Skip to main content

Uncle Block - Amateur Sleuth

By now I'm sure you have heard of the mortgage fraud committed by the couple in Toronto.

If not, you can find the details here.

With nothing better to do, I decided I would go to work and apply my own amateur internet sleuthing skills to this problem. I've already seen this done on several exciting spy movies.

I decided to start with the female suspect. Take a look at the image below.

First off, I would like to say that it strikes me as being a little bit strange that someone looking like this could get a mortgage in the first place. If I saw someone like this heading toward my cab I would be quickly contemplating evasive maneuvers. If escape was impossible I would definitely be asking for cash up front.

So I uploaded this image to Google's image search app to see if I could help the police out a bit. Man, did Google ever return a lot of possible suspects.

Some of them were easily dismissable because they were the wrong gender, or were dead.

Like this one,

I am sure that if I were to send this one to the cops I would probably get arrested for mischeif.

I think the same could be said about this suspect,

After closely examining the first thirty or so images, I was finally able to focus on one very suspicious looking character. This one is number ten in the list. No name is given for this individual but the artists states that it is a very recognizable person....

Now on to the second suspect in the crime.

I thought for sure that the second suspect would be easier to pin down, but I was wrong.

Curiously, these two guys showed up in the list....


but they don't work for me. The first guy is too clean shaven and the second guy is hard to figure out because he is wearing a Halloween costume.

If I were really pressed, I would suggest they open an investigation into this guy,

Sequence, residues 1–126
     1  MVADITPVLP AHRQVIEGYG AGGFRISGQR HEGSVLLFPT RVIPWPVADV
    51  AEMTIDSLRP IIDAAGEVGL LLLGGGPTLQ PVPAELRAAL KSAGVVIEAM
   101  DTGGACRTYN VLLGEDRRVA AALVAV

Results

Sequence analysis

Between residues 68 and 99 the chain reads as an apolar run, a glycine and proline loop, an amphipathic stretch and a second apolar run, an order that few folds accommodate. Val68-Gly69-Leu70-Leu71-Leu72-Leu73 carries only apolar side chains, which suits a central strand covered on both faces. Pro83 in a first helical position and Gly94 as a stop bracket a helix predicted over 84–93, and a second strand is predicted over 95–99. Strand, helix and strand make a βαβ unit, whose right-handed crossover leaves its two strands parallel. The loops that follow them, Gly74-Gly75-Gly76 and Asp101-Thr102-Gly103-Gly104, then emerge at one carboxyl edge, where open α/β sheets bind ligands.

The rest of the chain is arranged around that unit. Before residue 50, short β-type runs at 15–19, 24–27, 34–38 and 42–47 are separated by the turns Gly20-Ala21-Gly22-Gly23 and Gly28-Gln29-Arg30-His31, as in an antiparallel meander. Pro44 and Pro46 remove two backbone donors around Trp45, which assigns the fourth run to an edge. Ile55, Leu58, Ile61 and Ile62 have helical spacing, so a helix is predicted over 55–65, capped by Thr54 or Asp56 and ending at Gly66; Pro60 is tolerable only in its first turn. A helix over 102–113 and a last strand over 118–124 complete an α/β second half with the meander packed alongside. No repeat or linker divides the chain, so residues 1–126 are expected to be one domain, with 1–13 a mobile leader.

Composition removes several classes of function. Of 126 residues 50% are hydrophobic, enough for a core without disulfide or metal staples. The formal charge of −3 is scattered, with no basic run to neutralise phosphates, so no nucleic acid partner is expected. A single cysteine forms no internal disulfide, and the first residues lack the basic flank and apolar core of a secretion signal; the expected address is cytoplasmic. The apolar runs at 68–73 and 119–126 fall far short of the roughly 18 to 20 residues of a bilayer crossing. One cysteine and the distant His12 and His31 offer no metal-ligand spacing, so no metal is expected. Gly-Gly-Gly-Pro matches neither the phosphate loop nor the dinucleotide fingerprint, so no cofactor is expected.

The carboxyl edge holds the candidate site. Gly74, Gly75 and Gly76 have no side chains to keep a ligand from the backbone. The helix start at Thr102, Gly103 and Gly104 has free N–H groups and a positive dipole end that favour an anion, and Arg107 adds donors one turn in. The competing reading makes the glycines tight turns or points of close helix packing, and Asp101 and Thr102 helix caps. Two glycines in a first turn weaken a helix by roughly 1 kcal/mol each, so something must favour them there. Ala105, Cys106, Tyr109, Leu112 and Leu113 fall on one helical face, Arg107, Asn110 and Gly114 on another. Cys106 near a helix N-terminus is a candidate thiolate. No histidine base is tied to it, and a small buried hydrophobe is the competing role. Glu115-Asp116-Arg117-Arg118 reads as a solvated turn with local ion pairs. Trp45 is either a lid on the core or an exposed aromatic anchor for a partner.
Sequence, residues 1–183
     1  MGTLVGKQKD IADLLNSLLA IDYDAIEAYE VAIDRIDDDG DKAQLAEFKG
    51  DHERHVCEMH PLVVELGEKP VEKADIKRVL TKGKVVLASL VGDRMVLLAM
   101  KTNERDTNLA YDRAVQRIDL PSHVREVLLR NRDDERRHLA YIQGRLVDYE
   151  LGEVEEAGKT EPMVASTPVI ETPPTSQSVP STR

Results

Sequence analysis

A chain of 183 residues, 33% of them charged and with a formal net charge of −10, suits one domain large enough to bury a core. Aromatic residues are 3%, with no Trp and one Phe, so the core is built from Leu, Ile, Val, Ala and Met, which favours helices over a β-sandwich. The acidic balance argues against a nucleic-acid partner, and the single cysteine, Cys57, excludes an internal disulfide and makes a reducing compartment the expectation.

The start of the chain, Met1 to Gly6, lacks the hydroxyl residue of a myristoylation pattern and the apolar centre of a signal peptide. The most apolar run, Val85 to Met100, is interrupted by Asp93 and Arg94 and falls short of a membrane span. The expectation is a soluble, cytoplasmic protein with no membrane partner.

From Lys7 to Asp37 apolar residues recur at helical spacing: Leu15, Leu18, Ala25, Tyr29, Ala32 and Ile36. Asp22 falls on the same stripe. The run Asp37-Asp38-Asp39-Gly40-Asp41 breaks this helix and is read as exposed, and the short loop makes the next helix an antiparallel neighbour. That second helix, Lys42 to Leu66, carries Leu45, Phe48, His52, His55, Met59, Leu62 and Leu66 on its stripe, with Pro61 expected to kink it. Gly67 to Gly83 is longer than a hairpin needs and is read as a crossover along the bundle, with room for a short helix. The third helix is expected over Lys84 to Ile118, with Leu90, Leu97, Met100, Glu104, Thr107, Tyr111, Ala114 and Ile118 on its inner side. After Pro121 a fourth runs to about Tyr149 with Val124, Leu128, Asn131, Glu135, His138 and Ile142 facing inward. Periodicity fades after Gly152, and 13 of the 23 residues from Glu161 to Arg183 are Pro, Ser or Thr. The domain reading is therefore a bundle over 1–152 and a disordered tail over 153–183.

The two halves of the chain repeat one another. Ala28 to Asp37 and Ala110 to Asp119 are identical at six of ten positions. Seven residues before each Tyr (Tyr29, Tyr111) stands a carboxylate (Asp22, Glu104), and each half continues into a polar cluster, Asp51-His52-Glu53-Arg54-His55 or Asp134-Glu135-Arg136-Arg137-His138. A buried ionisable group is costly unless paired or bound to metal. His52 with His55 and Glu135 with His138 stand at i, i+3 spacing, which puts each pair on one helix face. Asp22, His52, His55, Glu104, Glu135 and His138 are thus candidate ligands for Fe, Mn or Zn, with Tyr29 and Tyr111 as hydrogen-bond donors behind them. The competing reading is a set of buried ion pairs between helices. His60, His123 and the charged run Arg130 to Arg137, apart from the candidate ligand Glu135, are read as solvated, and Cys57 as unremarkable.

or this guy,

or this guy,

but they all have solid alibis.


Popular posts from this blog

Poor Uber Driver Oh my. This is a sad story. Here is an Uber driver voicing his concerns in the Uber driver's forum about whether or not his "sharing economy" gig is paying off. It's possible that this is not a genuine post from a genuine Uber driver. I see that. It's the kind of schlopp I would write if I were in a mischievous mood. On the other hand, given what I already know about the Uber scam, and the people it exploits in order to get them to employ "assets they already own," in Tim Hudak's famous phrase, it's entirely reasonable to believe that this is a REAL Uber driver, who is just beginning to figure out who is making money, or should be making money, and who is getting royally boned. (See my story about the Uber driver who drove a football player from Chicago to Buffalo for minus $38.50.) I knew it was a scam from the beginning. That is why, when people asked me why, instead of tolerating the City of Hamilton's demonstrably abs…
My Encounter with an Uber Cab Driver I had an encounter with an Uber cabbie this morning. When I pulled into the parking lot at the front of my townhouse complex, I noticed this guy sitting in a small, Uber-like car, staring at this dash-mounted smart-phone, and looking confused. He was sitting in front of unit #1. I got out of my car and started walking toward my own unit which is also numbered. It's not a gigantic complex, so in my simple, low-tech, cab driver's mind, I figure that if you are looking for a unit number at an address, the first thing you should do is look at the number on the unit. If that number is "1" the next thing you do is look at the number on the next unit. Often, though not always, that number is either a "2" or a "3" depending upon the numbering format. In my complex, the next number is "2" and so on. For a taxi driver that information can be critical. So this guy looks up at me as I am walking by, and ask…
Uber's Ace in the Hole is Regime Uncertainty The "Success" of Uber does not come from its technology, but from its ability to recognize and exploit regime uncertainty. I quote from Peter Schiff's article, "Making America Confused Again," "It looks likely the next four years will bring an unprecedented level of regime uncertainty. This is a term coined by economist Robert Higgs. It describes a pervasive lack of confidence among investors in their ability to foresee the extent to which future government actions will alter their private-property rights. Higgs uses this concept to explain the seriousness and prolonged duration of some economic crises, like the Great Depression." Those engaged in the taxi industry know only too well how government actions alter their property rights. The sudden, pivotal re-writing of taxi bylaws across North America over the last few years has completely destroyed the lifetime investments of thousands of taxi driver…